Cancer and “Chemobrain”
The arduous search for words, misplaced keys or spectacles and an inability to concentrate: many cancer patients complain of these very burdensome cognitive problems even years after treatment, and most often blame chemotherapy. The research over the last ten years appears to confirm this assumption. After all, several studies have demonstrated an impairment of cognitive function in up to 75 percent of tested patients after chemotherapy. These disturbances were relatively mild, not reaching the degree of dementia by far, and were spread out over a wide range of cognitive domains.
“The validity of most of these studies, however, has been considerably limited“, says Dr. Kerstin Hermelink of the Clinic of Gynecology and Obstretrics of LMU Munich, “because the cognitive abilities of the patients were only tested after the chemotherapy. The first longitudinal studies that assessed the course of cognitive function by repeated assessments was published only in 2004.The largest of these methodologically far superior and more significant studies found little or even no difference between cancer patients with and without chemotherapy.”
Hermelink and colleagues at LMU have now conducted one of the largest studies in this field with their study COGITO, short for “Cognitive Impairment in Therapy of Breast Cancer”. This also had one decisive feature: COGITO is one of the very few prospective longitudinal studies that investigated cognitive abilities even before any cancer therapy began, i.e. even before any operation. The cognitive assessment was repeated twice within the first year following diagnosis. More than 100 breast cancer patients from five Bavarian clinics and hemato-oncological private practices took part in the study.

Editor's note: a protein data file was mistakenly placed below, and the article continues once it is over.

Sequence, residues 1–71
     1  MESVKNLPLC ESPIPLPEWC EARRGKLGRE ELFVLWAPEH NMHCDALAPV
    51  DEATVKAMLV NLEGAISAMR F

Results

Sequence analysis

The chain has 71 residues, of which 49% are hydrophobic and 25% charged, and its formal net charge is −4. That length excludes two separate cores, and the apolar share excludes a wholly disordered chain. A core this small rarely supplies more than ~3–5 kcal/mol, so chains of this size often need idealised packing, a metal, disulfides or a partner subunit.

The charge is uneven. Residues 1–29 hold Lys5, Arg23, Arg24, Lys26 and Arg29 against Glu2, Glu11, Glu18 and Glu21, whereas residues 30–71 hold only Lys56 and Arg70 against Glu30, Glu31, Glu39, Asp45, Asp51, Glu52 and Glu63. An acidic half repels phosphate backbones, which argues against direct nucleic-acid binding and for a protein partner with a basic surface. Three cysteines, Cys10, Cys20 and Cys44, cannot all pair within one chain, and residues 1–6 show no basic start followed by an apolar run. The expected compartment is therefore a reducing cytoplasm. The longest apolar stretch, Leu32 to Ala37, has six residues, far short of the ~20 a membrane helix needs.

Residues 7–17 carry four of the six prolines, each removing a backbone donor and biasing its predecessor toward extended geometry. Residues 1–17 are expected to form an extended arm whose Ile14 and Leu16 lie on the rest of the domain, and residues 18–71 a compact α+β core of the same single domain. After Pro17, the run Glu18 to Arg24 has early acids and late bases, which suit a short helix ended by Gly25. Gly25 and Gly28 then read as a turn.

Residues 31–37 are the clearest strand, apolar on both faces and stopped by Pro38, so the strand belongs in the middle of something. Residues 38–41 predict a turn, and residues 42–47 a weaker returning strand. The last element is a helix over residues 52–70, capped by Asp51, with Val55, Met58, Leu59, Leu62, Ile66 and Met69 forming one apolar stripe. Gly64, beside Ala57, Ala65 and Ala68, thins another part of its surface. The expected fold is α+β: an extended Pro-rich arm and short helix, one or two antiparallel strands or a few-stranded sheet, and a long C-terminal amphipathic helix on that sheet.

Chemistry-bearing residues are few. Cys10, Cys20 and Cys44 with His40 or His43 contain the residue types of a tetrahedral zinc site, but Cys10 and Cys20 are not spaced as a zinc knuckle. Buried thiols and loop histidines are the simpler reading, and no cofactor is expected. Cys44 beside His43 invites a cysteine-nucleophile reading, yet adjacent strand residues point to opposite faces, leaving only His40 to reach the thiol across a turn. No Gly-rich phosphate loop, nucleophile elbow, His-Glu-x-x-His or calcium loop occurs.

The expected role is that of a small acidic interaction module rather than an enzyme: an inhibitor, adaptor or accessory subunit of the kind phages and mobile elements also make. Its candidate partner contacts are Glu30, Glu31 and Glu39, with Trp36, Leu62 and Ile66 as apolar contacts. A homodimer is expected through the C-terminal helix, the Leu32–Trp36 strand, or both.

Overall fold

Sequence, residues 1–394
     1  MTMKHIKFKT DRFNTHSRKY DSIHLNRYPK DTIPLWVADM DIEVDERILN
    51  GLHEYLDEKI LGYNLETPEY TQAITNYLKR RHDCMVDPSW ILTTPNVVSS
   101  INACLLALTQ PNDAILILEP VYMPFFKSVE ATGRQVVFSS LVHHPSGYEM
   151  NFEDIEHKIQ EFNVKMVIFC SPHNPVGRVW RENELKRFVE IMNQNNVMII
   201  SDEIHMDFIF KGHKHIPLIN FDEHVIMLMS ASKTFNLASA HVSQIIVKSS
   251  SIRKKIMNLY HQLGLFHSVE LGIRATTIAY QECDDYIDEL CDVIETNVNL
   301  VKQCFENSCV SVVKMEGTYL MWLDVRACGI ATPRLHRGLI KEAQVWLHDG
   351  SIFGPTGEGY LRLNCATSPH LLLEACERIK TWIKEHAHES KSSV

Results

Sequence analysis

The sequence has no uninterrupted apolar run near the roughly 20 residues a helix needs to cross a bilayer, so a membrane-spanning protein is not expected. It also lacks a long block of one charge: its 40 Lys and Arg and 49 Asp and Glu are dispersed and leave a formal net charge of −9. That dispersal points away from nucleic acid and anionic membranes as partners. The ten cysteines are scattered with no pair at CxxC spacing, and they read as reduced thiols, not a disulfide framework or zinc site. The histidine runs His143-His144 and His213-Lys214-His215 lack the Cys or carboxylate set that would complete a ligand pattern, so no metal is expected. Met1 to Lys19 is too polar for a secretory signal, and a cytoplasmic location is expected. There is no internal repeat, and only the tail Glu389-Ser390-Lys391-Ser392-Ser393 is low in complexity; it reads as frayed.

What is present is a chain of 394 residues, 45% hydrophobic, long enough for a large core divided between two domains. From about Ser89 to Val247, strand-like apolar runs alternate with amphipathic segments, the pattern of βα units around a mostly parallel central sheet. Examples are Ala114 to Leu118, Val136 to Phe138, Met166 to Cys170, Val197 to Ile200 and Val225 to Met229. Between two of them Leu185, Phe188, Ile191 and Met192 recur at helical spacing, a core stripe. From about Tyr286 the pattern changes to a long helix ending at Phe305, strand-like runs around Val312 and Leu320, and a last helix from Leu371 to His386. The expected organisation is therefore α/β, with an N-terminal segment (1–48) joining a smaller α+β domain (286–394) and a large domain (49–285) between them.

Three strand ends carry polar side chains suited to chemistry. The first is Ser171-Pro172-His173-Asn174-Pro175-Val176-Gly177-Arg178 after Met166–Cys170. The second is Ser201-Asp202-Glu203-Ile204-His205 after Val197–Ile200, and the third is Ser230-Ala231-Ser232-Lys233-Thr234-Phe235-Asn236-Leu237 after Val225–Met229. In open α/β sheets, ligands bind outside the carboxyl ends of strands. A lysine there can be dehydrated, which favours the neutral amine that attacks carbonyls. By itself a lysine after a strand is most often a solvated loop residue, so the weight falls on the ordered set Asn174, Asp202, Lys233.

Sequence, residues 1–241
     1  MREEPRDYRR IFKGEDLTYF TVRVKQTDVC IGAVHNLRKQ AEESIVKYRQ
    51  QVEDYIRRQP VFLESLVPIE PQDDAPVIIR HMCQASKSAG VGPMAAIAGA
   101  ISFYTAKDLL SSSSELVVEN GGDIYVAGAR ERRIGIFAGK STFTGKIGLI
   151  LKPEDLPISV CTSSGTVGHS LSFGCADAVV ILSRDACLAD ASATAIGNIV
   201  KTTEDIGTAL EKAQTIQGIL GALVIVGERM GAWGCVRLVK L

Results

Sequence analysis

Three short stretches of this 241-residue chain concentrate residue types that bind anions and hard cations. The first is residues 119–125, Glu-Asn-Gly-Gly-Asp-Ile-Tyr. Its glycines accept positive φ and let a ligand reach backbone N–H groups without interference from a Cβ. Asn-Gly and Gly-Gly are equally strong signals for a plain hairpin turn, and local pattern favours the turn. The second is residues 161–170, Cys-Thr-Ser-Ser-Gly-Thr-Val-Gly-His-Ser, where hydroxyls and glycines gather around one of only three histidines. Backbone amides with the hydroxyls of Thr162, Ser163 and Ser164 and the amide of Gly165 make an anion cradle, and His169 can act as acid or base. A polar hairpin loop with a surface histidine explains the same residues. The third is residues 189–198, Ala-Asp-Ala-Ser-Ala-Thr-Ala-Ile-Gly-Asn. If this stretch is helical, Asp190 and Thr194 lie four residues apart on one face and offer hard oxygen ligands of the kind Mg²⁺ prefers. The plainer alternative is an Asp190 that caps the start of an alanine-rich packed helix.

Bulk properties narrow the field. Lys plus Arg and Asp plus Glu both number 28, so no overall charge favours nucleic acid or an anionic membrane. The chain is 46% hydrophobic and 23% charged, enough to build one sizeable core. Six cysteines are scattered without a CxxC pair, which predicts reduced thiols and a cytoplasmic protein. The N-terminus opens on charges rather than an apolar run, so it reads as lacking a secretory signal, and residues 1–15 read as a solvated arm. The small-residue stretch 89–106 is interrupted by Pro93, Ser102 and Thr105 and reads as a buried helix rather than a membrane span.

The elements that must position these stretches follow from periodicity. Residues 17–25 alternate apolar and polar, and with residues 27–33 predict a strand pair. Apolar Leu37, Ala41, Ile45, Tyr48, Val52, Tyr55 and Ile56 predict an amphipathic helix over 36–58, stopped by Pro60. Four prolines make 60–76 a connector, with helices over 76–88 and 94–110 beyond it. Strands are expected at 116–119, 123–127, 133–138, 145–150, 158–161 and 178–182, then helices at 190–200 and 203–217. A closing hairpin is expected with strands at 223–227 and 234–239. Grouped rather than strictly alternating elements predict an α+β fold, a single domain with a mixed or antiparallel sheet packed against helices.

“Even before any cancer therapy started, about one third of our patients demonstrated poor cognitive test results,” reports Hermelink. “Towards the end of the chemotherapy, the changes all balanced out: while 27 percent of the women presented mainly a decline, 28 percent of the participants achieved mostly better test results. We conclude from this that there must be other factors that lead to a compromise of cognitive performance already before therapy. These factors continue to influence some of the patients during treatment, while other patients already recover from them.”
The consequences of hormonal changes on mental abilities were also investigated in this study, since most breast cancer patients undergo a drastic estrogen depletion due to the therapy. Many even abruptly go into premature menopause as a result of chemotherapy and hormone treatment. “The influence of estrogen on cognitive function is still not understood well,” says Hermelink. “In our study, however, we observed no significant effect of anti-estrogen therapy, and premature menopause even had a positive influence in a small part of the test.”
In summary, it can be said that cognitive impairment exists in many breast cancer patients already after diagnosis and before therapy. Even if in the COGITO study there is no evidence for additional impairment caused by chemotherapy it still cannot be ruled out. Estrogen depletion induced by breast cancer therapy had no negative influence on cognitive ability.
“We can therefore say with certainty that there must be factors other than chemo or hormone therapy that impair the cognitive abilities in some cancer patients,” stresses Hermelink. “The concept of so-called ‘chemobrain’ is too simplistic, and at most can only partially explain the cognitive problems of cancer patients. We assume that the stress of the diagnosis plays a central role. After all , it can act as a trauma, which can be aggravated by the treatment. We now intend to study this in more depth: possibly, we may have to exchange the term ‘chemobrain’ for ‘crisis brain’.”
“Short-term effects of treatment-induced hormonal changes on cognitive function in breast cancer patients: results of a multicenter, prospective, longitudinal study.” Kerstin Hermelink et al., Cancer, Vol. 113, Issue 9, p. 2431–2439, 1 November 2008
“Cognitive function during neoadjuvant chemotherapy for breast cancer: results of a prospective, multicenter, longitudinal study.” Kerstin Hermelink et al., Cancer; Vol. 109, Issue 9, p. 1905–1913, 1 Mai 2007
Dr. Kerstin Hermelink
Clinic of Gynecology and Obstretrics of LMU Munich
Tel.: ++49 (0)89 / 7095 - 7579